Crain's Chicago Business reports:
The state's top two legislative leaders Tuesday said they will move fast to seize control of the process of selecting a replacement for Barack Obama in the U.S. Senate, taking that power away from Gov. Rod Blagojevich.
In separate statements, House Speaker Michael Madigan and Senate President Emil Jones said they will call a special legislative session next week to repeal the state law that now gives the governor the power to fill Mr. Obama's seat. Both said they will press instead for a special election to fill the remaining two years of Mr. Obama's term.
"I am prepared to convene the House next Monday to change state law to provide for a special election for the U.S. Senate replacement," Mr. Madigan said. "I would urge U.S. Sen. Dick Durbin to take note of this action."
In addition, Durbin urged the Illinois state House and Senate to settle on a special election that could withstand a Blagojevich veto.
One potential Senate pick said Tuesday that he doesn't want the job if it's "tainted" by the scandal surround Blagojevich.
ABC News reports:
Rep. Danny Davis -- who has been actively lobbying for an appointment to the Senate -- said Tuesday that he doesn't want the job if it's "tainted" by the allegations leveled at Gov. Rod Blagojevich.
Davis, D-Ill., stopped short of saying he wouldn't accept the appointment to fill the remaining two years of President-elect Barack Obama's Senate seat, pointing out that Blagojevich hasn't been indicted on any crimes, much less convicted...
"Obviously the process is tainted and people [who want the seat] would have to think twice and would want to think twice about what would happen to them, especially if they were running for re-election," Davis said. "I wouldn't want a tainted job, but there is still going to be the need for the state of Illinois to have a second senator."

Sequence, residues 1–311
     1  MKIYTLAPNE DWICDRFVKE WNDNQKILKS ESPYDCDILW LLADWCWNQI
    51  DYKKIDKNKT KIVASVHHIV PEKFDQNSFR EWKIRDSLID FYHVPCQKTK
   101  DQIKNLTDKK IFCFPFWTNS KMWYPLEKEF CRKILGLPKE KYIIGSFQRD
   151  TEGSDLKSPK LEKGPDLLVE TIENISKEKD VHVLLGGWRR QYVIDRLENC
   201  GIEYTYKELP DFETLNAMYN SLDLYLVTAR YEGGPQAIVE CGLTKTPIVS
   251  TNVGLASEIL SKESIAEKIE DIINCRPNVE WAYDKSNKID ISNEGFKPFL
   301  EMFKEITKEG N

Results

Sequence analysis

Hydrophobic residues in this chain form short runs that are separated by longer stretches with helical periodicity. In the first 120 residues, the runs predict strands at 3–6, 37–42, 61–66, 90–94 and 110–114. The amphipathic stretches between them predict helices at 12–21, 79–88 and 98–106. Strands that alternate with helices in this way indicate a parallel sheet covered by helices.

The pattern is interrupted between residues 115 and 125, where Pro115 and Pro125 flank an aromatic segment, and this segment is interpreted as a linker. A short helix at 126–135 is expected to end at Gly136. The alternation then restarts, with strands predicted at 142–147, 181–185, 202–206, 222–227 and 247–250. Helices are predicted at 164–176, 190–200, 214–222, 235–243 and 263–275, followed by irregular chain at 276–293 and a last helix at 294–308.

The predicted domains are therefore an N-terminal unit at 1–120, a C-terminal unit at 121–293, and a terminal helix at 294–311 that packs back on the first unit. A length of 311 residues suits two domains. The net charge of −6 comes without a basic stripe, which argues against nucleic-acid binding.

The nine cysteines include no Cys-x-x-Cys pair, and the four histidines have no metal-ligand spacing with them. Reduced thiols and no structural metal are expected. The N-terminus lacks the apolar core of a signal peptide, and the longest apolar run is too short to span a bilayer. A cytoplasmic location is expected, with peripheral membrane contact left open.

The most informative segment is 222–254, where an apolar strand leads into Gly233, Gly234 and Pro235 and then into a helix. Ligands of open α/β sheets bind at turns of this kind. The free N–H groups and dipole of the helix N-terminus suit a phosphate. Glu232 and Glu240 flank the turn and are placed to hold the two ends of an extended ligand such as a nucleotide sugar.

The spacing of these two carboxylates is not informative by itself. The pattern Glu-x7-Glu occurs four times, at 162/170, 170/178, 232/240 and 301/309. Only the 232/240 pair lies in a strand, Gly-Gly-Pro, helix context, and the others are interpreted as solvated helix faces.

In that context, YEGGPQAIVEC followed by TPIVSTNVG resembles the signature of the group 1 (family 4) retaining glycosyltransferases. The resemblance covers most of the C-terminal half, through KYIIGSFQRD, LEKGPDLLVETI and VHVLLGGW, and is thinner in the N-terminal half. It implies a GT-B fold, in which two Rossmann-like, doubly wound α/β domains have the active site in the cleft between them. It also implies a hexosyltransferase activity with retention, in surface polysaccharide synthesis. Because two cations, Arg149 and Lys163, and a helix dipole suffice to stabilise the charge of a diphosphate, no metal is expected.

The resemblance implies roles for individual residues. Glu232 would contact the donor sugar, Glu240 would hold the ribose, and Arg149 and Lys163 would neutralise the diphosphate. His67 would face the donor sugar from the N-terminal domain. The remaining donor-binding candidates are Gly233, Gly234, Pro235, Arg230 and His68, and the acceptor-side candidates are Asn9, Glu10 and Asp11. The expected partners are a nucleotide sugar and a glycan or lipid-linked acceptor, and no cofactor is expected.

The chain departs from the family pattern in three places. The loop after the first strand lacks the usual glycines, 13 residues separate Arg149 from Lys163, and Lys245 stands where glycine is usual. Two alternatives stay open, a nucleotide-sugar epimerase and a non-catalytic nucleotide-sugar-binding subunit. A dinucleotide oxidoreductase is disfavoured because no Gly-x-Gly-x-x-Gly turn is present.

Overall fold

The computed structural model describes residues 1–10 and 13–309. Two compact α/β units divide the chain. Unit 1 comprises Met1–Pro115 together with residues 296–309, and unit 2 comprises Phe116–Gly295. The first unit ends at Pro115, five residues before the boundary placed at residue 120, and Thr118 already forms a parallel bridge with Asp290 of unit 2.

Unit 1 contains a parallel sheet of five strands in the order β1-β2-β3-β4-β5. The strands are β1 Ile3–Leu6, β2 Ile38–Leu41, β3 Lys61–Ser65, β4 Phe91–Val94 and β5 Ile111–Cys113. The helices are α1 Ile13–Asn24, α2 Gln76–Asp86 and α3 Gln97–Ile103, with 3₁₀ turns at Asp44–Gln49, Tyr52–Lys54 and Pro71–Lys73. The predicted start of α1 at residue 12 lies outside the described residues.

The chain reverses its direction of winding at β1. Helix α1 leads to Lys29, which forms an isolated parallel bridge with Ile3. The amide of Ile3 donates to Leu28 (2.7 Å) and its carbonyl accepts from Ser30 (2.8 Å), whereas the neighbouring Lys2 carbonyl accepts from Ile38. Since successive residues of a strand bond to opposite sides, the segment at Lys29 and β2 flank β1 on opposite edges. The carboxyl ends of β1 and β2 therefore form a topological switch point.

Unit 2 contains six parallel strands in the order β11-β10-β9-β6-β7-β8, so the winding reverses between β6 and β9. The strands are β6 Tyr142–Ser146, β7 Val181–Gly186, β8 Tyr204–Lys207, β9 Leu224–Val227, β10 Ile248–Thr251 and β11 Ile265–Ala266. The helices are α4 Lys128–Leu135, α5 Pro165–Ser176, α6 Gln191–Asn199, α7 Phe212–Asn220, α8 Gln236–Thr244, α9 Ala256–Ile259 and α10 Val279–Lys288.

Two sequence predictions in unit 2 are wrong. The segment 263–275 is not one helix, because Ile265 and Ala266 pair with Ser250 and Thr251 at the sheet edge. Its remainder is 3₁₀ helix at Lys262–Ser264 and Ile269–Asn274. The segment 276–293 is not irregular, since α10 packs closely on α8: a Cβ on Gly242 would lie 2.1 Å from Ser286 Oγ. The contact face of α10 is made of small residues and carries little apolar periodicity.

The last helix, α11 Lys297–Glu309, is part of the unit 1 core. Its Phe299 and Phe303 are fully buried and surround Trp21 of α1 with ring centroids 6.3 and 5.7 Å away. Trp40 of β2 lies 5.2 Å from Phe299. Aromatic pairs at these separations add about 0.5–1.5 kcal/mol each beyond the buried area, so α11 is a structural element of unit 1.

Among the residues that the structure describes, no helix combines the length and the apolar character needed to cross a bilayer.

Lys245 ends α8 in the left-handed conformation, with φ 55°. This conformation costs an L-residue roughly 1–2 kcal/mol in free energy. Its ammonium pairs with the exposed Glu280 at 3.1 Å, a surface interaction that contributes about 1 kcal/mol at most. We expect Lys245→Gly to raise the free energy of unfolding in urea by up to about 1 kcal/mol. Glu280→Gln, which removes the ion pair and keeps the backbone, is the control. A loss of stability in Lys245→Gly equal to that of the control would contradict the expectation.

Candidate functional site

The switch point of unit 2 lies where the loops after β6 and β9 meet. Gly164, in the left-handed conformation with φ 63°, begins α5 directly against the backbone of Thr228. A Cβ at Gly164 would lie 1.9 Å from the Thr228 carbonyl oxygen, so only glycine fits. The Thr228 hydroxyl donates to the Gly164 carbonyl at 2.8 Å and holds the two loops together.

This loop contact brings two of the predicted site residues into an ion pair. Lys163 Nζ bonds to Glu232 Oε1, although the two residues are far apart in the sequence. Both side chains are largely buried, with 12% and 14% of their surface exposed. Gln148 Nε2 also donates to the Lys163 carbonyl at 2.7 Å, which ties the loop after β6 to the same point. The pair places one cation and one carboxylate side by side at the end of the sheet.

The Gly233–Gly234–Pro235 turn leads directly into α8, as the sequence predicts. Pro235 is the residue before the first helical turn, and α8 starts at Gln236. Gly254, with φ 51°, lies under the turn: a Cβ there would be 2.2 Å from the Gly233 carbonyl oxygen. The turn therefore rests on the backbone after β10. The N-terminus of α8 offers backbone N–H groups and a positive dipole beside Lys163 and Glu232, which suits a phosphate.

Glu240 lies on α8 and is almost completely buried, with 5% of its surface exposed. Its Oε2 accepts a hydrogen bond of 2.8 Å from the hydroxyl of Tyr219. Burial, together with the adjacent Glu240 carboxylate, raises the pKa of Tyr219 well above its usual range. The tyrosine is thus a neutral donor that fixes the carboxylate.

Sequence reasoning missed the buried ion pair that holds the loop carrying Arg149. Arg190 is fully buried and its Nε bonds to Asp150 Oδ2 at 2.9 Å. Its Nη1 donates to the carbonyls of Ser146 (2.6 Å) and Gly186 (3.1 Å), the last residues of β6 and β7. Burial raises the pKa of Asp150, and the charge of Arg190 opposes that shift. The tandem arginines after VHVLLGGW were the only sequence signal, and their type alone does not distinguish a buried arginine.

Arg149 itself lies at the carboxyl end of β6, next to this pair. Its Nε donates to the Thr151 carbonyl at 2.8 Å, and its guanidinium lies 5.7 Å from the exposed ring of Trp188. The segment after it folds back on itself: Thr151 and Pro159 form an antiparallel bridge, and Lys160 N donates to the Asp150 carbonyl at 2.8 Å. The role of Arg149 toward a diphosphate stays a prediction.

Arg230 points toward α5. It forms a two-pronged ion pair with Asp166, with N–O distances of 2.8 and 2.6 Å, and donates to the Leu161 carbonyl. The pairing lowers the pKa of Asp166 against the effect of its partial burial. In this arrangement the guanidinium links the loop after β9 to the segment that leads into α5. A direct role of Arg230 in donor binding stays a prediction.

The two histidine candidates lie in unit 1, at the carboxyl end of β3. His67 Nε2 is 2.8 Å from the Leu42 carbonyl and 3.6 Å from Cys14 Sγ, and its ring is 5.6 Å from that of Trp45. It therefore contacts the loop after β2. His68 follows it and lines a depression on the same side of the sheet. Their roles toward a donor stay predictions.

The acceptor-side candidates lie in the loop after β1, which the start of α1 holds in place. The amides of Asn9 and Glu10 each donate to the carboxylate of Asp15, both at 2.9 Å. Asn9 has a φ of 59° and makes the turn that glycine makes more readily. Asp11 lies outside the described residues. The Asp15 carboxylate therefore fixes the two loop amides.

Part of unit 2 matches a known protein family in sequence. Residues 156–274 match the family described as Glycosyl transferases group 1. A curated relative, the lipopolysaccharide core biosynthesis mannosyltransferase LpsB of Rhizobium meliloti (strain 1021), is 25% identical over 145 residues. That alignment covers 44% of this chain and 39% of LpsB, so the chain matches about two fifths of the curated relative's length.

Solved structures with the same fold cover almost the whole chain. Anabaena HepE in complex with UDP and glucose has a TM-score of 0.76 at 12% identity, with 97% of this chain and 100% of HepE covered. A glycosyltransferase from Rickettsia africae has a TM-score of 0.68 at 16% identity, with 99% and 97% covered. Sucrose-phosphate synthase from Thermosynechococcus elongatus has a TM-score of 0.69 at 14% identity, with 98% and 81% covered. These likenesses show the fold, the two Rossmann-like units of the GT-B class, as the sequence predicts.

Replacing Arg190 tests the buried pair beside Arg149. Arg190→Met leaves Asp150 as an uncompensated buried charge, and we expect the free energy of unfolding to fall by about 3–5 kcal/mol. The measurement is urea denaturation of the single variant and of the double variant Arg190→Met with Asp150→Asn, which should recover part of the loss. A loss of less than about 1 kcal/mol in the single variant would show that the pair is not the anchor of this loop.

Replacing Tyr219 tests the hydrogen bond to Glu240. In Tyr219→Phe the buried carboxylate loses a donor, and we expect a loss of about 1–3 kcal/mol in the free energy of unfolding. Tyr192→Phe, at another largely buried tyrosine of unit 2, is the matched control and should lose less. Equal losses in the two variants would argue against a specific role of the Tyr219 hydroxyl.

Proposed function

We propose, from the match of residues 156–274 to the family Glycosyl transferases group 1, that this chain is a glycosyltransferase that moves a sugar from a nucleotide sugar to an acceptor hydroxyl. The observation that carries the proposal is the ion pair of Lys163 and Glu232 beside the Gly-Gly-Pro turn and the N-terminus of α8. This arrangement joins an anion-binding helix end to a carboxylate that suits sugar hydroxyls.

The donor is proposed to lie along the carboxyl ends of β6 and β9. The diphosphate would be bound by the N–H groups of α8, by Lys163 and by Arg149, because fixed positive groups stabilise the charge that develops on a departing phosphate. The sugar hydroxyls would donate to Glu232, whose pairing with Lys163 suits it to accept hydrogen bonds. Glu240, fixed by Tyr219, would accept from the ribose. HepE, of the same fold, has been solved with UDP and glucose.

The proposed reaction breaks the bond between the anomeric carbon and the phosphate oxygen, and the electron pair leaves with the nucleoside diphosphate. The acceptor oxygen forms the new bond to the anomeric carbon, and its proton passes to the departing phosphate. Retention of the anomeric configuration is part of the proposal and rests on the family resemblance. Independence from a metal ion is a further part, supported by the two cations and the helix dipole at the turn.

Davis said he hopes Blagojevich is cleared of wrongdoing, notwithstanding the damaging quotes contained in the criminal complaint.
"I'm hoping that it's not how it looks. It looks terrible. It looks bad. I mean I've read the information and the allegations and they're hard to believe," Davis said. "You know, Gov. Blagojevich has a way sometimes of talking where he's sort of joking saying things, and who knows? I mean it may be a part of that, though I'm not suggesting that it is or that it actually looks that way."
A spokesman for another potential contender, Tammy Duckworth, claimed that she had not discussed the position with Blagojevich, according to the Associated Press:
Illinois Department of Veterans Affairs Director Tammy Duckworth hasn't met or spoken with Gov. Rod Blagojevich about replacing President-elect Barack Obama in the U.S. Senate, a spokeswoman for Duckworth said.
Check Huffpost's Rod Blagojevich BigNews Page for up-to-the-minute updates on the Blagojevich charges.